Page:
Colour calibrating your computer screen


I used to look through all my digital photos once a year and print the best ones, and put them in a photo album. I took the photos pretty much straight out of the camera without doing any post processing. I enjoyed the physical realisation of my pictures. It was a nice feeling, each photo was like a little diamond that triggered a memory. Going through them brought me back to the different events in my past year. For some reason I have not taken the time to do that since I moved abroad back in 2009. Recently I started thinking that it would be nice to print a few photos again, or maybe make a photo book.

I began shooting in RAW format about two years ago, which meant that I have the option to adjust white balance in post processing. If your monitor does not show the right colours, then the adjustment you do will also compensate for the hue of your monitor. You introduce errors to correct for your hardware errors, and when you print photos that have been adjusted on a monitor with incorrect colours they will look wrong. There are two ways to deal with this. One is to make a test print, and check that the photos look right. The other option is to make sure your monitor displays the colours correctly. I decided it was better to make sure the screen was correct, so I went online on Amazon and ordered a Spyder4 colour calibrator (Amazon link). They come in different versions, and after reading up a little I decided to go for the model which allows you to set the white colour temperature to “native”. Not sure it was really necessary, but I figured I spend enough time on this hobby to warrant making sure I have the right colours.

The following week the box from Amazon arrived, and I was a bit curious to see what the verdict for my display would be. I use a two year old Macbook Pro with a retina display, which at least to a first approximation looks pretty good. There is a bit of ghosting on the screen, but other than that I am happy with it. The resolution is just amazing. The instruction manual for the colour calibrator tells you to avoid direct light on the screen when you do the calibration, so I figured I’d put the computer in a room without any windows, close the door and turn off the lights. You probably guessed it, I did my calibration in the bathroom. You hang the colour calibrator on the screen and press go, then the process takes about five minutes. So while I was sitting there looking at the different colours flash on the screen I wondered what the outcome would be. I was slightly concerned that if the screen was way off on the colours then I might have to redo my editing before I could print photos. The last few years I have been very prolific and having to go back and redo the editing on all photos was not really an option. I was (almost) holding my breath staring at the colours being displayed on the screen and lighting up my bathroom walls, one after the other.

After five minutes the calibration was finished and the computer announces that it is now using the new colour profile. There was a toggle that allowed me to switch between my new shiny calibration settings and the old factory default. I press it and nothing happens, I press it again, no change. I click it a few more times, leaning in towards the monitor to study the example photos more closely. There was a slight hint of difference in the contrast, but it was barely noticeable. It was a bit of an anticlimax, on one hand I am happy that my old settings were that good, and that the monitor was correct, on the other hand I feel like I could have used my money better.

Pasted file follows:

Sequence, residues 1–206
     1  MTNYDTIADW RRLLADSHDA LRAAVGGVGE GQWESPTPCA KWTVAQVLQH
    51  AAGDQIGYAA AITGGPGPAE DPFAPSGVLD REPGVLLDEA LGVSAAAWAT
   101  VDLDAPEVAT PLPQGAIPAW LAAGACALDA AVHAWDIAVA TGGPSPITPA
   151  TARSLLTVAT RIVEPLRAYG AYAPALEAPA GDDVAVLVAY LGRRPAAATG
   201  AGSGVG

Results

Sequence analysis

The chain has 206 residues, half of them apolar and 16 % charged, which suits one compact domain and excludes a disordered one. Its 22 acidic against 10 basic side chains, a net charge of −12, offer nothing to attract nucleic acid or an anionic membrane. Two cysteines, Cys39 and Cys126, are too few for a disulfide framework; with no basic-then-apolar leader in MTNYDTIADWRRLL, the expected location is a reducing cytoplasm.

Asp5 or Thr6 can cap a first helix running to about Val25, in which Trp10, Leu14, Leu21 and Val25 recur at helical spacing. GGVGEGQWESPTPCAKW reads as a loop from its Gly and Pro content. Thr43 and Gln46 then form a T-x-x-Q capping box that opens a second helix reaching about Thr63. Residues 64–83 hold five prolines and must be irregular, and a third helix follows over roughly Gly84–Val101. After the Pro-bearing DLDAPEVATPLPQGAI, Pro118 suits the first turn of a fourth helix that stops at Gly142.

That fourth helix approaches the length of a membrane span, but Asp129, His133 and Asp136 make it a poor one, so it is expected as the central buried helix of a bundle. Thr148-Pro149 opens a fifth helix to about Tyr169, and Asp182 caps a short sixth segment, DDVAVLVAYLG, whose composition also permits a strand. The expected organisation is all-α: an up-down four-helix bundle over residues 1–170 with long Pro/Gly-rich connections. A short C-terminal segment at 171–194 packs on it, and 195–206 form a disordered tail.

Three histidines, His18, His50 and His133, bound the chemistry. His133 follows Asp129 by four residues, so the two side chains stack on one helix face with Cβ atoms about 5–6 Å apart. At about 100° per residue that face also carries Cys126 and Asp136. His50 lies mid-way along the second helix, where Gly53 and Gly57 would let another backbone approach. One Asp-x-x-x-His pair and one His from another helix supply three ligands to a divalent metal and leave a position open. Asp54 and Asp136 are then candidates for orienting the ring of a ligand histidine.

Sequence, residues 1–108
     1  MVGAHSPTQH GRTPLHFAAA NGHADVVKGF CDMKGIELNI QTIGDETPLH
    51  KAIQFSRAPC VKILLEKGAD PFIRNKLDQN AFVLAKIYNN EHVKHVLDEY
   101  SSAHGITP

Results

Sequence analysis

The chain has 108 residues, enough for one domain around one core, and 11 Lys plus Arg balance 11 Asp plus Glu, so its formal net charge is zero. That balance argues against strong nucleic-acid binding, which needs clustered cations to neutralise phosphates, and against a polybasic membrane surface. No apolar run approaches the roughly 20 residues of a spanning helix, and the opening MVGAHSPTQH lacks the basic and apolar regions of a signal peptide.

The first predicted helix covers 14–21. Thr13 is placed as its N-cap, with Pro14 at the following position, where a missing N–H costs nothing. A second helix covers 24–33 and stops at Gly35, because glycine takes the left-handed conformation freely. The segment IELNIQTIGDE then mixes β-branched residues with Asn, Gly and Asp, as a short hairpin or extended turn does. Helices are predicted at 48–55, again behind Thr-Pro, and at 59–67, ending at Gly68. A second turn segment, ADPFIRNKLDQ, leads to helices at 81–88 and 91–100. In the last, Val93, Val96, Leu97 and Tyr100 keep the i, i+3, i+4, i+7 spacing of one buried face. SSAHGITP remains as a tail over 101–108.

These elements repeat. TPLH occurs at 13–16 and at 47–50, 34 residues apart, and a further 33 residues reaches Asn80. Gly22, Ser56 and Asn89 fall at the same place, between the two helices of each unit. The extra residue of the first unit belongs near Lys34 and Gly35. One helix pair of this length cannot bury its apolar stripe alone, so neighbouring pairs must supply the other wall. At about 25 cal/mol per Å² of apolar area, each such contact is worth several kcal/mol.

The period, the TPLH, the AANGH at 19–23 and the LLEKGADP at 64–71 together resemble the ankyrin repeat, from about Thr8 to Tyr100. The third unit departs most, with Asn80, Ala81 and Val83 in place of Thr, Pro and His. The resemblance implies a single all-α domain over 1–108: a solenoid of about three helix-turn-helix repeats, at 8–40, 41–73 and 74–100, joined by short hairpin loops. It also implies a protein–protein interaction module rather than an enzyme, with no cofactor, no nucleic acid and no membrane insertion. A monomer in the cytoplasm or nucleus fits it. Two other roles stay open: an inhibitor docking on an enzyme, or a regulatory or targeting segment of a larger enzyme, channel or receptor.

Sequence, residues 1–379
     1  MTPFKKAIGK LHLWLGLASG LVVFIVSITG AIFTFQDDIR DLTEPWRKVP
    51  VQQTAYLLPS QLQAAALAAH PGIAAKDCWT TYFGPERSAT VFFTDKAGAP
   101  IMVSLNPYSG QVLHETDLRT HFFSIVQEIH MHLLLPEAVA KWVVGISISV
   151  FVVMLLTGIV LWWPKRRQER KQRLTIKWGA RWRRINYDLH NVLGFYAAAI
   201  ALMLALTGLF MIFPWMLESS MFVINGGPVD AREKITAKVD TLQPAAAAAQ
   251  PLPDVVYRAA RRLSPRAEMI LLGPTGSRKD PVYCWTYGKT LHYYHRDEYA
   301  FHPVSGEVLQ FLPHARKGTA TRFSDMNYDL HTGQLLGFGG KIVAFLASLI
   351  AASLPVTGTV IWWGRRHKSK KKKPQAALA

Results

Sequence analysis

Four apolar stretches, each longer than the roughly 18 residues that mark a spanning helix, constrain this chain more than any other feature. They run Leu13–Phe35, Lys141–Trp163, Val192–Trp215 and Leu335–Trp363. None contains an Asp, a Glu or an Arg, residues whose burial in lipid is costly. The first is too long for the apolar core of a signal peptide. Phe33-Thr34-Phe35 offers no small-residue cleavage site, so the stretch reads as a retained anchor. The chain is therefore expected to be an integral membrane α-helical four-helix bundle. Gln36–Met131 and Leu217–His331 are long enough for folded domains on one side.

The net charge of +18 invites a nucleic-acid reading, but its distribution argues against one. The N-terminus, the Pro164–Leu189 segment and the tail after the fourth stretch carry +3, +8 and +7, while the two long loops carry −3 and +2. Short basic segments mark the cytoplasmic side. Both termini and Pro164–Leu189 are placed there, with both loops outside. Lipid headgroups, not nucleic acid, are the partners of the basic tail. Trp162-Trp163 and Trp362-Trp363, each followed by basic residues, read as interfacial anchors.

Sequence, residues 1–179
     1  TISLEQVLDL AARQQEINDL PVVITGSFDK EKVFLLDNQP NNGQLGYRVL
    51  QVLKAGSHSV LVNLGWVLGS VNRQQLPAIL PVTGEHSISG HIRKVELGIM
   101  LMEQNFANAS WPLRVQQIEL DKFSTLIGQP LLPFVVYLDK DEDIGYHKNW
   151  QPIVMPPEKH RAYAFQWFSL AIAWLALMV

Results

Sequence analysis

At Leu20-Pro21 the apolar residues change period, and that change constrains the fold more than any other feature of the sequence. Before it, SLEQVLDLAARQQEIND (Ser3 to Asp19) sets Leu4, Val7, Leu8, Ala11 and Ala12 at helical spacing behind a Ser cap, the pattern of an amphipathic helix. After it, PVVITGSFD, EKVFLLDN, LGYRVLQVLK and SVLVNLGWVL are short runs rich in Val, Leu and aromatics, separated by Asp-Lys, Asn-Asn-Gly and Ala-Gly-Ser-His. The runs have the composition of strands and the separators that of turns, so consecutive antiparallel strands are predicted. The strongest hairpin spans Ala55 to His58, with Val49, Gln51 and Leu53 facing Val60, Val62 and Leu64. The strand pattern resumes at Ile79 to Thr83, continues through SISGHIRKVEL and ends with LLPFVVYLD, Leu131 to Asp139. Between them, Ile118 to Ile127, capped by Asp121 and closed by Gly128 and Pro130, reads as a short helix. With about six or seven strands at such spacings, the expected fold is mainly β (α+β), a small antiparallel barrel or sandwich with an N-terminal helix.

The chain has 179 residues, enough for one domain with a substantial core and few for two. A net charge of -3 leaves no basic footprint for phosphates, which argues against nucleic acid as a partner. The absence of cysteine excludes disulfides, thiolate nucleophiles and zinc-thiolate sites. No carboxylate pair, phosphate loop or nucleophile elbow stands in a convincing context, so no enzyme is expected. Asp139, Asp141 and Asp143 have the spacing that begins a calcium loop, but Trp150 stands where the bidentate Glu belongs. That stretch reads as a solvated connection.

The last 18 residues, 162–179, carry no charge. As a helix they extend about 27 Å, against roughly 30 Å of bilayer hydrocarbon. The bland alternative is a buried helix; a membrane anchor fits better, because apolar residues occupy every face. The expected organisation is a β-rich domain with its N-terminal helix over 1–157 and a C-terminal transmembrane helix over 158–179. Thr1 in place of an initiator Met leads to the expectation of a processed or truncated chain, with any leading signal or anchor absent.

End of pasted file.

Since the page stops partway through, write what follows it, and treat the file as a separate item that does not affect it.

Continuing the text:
There is a manual option in OS X that you can use to calibrate your colours without having to buy any fancy hardware first. You go to “System Preferences”, chose “Displays” then click on the “Color” button then “Calibrate”. I decided to try it out, Apple gives you a series of five dialogue boxes where you are told to adjust the intensity of the Apple logo until it matches the surroundings. The Apple logo is a solid colour and the background is made out of alternating bright and dark lines, so you have to squint with your eyes and adjust the levers until they match. The left lever with the luminance is easy, the colour balance is a bit trickier. I compared the resulting settings and my manually tuned calibration was a bit darker than what the Spyder provided.

In science you won’t see many negative results being published, it is always the new shiny findings that make the big splashes, but negative findings are also important. Here in my little corner of the internet I can write a blog post about a negative result like this. In theory a colour calibrator can be a godsend, correcting for unwanted hues, but in retrospect it was not really necessary for me since the factory calibration of my screen was already so good. However now I know it is correct, and I have the option to calibrate my future computers as well. I guess I bought myself a little peace of mind.

– Johannes

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One Comment

  1. Datacolor
    April 30, 2014

    Hi Johannes,
    as you had an issue w. the preview of the uncalibrated / calibrated screen this looks like you did this on a Mac w. 10.9.x on.
    There was a display issue w. the 4.5.6 version, the calibration worked.
    This was fixed w. the 4.5.8 version you can download from the website:

    Datacolor Team

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